Minimal Kids: Encouraging Imaginative Play in Small Space Living

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Quite easily the most common question I’m asked after someone learns that we live in an RV goes somewhere along the lines of “but how do your kids play in there?”. There’s an underlying assumption that the smaller the space or the fewer the toys the unhappier the child.

Allow me to beg to differ.

We’ve never had a lot a lot of toys for our kids (mostly because the minute I became I mom I immersed myself in minimalism and have gradually been trying to strike a healthy balance ever since). I’ve always tried to encourage my kids to lean into boredom, be thankful for what they have, and not base our playtime around “things”. But this phase of life where we’re intentionally limiting ourselves (spatially) has taught me a lot about how kids (or at least my kids) play and how to foster an environment that encourages them to lean heavily on their imaginations instead of their toys.

Also, my girls have plenty of toys, trust me. I’m not a miserly mother who doesn’t believe in letting my kids have “things”. They have lots of things. But I hope this post can act as both clarification and inspiration for anyone who is curious about imaginative play, regardless of your house size.

To a child, just about anything can be a toy. I’m constantly amazed by Evie’s ingenuity — she’s my maker; constantly building, creating, drawing, tying, sewing, re-purposing. Mara is just as imaginative, but she prefers to play with her dollhouse, ride her bike, or dress up as whichever queen/mom/friend/animal/hero she’s obsessed with at the moment (as long as it involves shoes). Their interests and imagination styles are polar opposites but somehow, they haven’t run out of space or ideas for what to do yet.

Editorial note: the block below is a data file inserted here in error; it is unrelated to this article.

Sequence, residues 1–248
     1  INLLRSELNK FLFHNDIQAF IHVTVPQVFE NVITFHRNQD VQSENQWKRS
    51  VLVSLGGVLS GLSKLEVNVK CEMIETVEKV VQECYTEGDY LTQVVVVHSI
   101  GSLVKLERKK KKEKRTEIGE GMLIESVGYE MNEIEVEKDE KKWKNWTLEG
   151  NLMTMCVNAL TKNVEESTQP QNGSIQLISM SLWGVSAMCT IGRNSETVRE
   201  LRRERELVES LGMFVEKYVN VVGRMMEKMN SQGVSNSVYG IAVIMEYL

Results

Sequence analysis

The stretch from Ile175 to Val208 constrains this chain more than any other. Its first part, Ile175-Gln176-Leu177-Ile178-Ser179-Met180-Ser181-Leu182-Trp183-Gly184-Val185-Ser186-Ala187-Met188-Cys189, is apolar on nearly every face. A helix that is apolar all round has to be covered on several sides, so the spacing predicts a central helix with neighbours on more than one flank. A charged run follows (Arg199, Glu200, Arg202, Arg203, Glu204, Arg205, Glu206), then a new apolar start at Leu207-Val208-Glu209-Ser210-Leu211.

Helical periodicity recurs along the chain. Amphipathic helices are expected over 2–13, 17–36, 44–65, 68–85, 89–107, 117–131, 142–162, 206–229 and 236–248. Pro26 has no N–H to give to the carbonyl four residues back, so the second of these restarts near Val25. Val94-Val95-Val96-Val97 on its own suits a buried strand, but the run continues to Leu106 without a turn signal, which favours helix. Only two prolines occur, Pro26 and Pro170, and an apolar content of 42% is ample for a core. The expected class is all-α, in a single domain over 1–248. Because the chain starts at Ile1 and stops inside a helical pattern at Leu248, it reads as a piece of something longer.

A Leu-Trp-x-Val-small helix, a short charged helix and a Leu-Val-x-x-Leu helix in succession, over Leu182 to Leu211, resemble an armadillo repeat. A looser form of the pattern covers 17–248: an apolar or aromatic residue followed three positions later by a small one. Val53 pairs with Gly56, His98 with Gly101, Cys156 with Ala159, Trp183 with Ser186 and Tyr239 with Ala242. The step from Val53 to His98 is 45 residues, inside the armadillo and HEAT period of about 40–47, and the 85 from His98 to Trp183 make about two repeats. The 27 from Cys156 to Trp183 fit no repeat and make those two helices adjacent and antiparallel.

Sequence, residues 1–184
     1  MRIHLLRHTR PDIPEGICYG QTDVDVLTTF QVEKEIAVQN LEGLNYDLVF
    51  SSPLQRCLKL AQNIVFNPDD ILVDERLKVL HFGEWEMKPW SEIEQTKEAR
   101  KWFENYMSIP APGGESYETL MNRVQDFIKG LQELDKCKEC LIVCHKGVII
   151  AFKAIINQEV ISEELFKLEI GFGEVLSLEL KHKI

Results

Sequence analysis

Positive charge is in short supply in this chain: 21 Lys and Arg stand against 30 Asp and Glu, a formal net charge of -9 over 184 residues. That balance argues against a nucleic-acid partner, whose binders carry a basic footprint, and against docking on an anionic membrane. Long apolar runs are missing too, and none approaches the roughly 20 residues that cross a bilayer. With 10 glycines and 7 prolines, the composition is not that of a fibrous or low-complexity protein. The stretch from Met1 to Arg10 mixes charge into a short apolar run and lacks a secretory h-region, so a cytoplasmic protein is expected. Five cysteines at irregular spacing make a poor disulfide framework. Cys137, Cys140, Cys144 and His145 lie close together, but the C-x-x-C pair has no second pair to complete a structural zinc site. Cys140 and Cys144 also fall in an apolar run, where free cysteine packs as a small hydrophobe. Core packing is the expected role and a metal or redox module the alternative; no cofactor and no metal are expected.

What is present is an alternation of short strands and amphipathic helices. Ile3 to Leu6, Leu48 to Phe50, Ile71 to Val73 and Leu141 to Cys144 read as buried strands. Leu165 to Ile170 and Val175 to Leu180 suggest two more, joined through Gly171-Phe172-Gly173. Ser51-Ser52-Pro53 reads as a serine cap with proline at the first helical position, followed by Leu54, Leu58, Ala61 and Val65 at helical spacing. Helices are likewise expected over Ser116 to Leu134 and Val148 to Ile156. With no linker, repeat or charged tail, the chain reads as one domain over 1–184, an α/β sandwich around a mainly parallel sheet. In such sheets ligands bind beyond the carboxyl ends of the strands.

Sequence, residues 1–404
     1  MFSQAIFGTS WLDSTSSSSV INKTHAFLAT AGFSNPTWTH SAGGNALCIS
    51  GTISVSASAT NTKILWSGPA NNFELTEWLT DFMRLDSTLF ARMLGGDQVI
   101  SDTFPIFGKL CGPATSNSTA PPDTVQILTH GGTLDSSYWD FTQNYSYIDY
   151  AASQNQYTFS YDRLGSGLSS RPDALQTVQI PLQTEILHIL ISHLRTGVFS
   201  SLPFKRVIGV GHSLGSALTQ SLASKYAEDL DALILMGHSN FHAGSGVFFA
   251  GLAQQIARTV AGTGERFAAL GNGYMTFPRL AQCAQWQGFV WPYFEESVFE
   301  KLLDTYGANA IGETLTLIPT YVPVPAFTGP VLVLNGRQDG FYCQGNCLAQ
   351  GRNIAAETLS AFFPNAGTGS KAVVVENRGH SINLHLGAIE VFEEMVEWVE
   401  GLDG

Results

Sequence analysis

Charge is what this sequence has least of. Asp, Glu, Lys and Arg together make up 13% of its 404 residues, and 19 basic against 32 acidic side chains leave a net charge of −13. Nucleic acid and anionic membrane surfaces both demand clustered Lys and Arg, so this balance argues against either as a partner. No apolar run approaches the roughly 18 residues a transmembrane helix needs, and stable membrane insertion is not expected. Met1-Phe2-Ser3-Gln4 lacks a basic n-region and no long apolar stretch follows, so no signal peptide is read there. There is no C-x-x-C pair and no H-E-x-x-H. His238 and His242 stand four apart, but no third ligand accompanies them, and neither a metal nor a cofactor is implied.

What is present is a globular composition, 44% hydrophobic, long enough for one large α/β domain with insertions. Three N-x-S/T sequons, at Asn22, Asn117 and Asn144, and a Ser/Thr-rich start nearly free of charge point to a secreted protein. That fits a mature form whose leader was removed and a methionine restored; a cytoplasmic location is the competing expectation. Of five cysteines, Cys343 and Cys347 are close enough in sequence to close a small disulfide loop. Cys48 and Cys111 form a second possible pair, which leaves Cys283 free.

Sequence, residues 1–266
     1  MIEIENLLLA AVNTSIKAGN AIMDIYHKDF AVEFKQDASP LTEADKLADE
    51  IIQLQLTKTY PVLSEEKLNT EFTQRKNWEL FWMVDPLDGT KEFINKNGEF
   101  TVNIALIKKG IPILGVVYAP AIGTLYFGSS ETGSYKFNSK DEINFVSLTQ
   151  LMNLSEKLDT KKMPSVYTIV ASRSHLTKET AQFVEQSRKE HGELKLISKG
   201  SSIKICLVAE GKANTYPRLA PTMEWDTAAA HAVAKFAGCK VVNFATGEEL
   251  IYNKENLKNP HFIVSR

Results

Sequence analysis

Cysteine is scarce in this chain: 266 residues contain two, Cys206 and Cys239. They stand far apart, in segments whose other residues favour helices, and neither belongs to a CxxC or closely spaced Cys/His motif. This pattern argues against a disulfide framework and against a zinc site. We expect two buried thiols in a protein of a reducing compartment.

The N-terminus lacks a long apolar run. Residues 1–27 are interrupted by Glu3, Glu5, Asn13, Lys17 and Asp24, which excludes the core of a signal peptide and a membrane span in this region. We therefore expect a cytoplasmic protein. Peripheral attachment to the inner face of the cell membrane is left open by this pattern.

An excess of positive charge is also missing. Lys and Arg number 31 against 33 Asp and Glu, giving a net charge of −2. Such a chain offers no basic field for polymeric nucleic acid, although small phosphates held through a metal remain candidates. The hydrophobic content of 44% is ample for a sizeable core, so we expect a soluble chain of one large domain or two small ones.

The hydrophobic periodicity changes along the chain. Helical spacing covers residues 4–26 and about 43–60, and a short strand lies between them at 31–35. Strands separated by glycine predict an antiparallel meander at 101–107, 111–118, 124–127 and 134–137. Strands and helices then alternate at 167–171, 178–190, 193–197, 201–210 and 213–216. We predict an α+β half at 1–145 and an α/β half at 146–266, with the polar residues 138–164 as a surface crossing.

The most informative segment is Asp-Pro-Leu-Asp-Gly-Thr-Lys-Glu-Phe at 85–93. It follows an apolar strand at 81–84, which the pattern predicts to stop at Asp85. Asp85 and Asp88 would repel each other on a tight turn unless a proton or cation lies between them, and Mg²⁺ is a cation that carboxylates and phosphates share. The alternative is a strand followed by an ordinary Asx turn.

Although I can’t take credit for their creativity and ability to play well together, I’ll share a few things I’ve intentionally done to foster that environment as much as possible and, ideally, create a home that they don’t get bored of or feel stifled by.

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  1. Choose “open ended” toys

All of the toys in our RV are relatively open ended, meaning my girls can use them to play multiple ways. My girls love their dress up clothes, like the butterfly wings, cape (made from recycled Saris) and crowns all ethically made from Do Good Shop, one of my favorite one-stop fair trade shops, especially for families. They use these pieces almost every day and have dreamed up so many different roles and scenarios to play in. I love that these pieces aren’t specific to any story/movie/game so my girls can imagine that they’re just about anything (as opposed to, for example, their Elsa and Anna dresses which are more limiting in their “line of thoughts”).